Giving the Limelight to Awareness (The Queen of Nothing)

February 22, 2024

By Allison Iantosca, ACC

I have always wanted to be the Queen of something, I think.

In fact, I recently checked this with my ego, asking if this was historically true? My ego sort of scoffed in an “as-if- there-was-ever-any-question” sort of way. I asked back if we could kind of ratchet the Queen part down now that we are over 50? That sent my ego into such hyperventilating hysterics that we haven’t been able to finish that conversation yet.

We have a bit of a rocky relationship, my ego and I. It claims to be healthy. Able to appropriately calibrate and properly protect. And it certainly has, all these years, shown up when I needed it most. With uncanny single-mindedness and stunning alacrity, it identifies the top, the best, the highest, the hardest and then unrelentingly demands that I turn my head in that direction, map out the most expeditious course, and, well, get there.

And I have. Gotten there. In some respects, I think.  “In many respects” my ego chimes in.  A bit prickly and irritated but ready for more. “And we’re not done” it sing-songs back to me, “I’ve been thinking…”

That’s where we get to lately in our discussions. It’s been thinking. And I say something less than useful like “how about we just…” or “wouldn’t it be nice to…”. In other words, nothing potent enough to actually redirect the course. Rather, and quite annoyingly, we’re at a complete standstill. Bickering, like longstanding couples do, over something mundane as a stand in for the bigger question…are we going to stay together?

“Fine” my ego says, “just do nothing”. Not in anger. More with a knowing that it’ll never happen. A lame attempt to call my bluff. We both know it is total BS.

“Fine” I say back with more heat than I expect. “Then maybe I’ll just be the Queen of Nothing!”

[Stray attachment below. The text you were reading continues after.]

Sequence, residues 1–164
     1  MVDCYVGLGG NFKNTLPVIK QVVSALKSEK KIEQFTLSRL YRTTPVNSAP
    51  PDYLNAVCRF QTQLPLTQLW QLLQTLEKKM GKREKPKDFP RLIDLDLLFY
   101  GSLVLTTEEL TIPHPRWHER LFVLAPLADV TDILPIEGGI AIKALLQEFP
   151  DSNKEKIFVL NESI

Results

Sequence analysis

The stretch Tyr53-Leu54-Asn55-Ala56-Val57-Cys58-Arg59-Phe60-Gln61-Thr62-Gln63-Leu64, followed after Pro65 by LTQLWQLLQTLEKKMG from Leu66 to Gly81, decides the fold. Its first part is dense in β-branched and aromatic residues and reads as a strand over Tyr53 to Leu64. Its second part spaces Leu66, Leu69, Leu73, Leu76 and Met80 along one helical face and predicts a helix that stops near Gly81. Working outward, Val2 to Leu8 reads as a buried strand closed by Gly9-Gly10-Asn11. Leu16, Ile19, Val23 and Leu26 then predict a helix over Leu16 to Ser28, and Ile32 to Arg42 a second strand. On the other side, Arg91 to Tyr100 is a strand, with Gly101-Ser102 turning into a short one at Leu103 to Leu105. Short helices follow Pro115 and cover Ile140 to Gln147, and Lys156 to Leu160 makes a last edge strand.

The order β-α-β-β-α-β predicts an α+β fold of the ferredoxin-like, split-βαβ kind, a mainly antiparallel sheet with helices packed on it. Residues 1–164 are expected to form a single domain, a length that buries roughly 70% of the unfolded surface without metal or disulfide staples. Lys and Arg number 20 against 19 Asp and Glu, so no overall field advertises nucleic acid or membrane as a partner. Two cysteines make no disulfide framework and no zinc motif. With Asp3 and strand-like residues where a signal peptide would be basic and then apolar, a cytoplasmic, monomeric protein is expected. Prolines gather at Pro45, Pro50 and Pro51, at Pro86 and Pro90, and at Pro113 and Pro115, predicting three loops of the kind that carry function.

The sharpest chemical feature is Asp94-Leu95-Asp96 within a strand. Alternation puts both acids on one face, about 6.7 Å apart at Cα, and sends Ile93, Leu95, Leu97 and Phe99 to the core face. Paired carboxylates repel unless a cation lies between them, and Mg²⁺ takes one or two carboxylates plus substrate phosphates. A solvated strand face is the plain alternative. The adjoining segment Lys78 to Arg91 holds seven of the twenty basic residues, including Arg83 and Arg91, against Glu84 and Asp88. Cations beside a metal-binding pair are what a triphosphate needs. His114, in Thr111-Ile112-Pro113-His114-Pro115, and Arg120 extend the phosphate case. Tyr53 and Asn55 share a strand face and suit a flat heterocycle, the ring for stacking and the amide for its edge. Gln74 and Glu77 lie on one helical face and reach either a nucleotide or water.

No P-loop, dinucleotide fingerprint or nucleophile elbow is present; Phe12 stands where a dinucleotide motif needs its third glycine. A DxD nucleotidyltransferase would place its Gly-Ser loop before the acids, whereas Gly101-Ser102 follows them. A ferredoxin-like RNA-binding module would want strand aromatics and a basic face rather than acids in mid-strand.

That might work…

I often have coaching clients coming to me thinking that there is one part of themselves that is key to all the rest. One part they should get rid of or at least work harder to ignore.

But just about all the time, that part has a very good reason for hanging around. It has supported us for, well, ever. Brought us to places we never dreamed about. Reminded us to care about things, stand up for things, conquer things. We might dance a bit, jazzercise our way around the idea of letting it go, but it hardly ever works…until we give it some good old-fashioned attention. Until we explore what, exactly, about it we might miss if we actually had the wherewithal to dismiss it.

For some coaching clients, just this awareness is enough for a significant shift. For others, cracking open a small part of themselves is enough to begin to play with shifting. A coach can readily support this play. Can bring us back to what we resist or think we don’t want or need. Can help us hold this old part of ourselves in a good light; see it as helpful and kind and caring. Help us own it fully. In a big bright light before we begin to consider the parameters of letting it go.

My Queen of Nothing needs this light and space. She needs the playful to contend, for now, with my deeper habitual belief that I need to be everything. She even gives me a bridge. A way to go back and forth from old to new, just in case I might need my ego again sometime in the future. Because that ego has served me well and I do like the idea of being the Queen of something.

Allison Iantosca is a Gestalt International Study Center (GISC) trained coach certified by ICF with extensive leadership and management experience. She is an Executive Coach and is the Owner and President of Boston based FH Perry Builder.

*Photo Credit: Ashton Mullins

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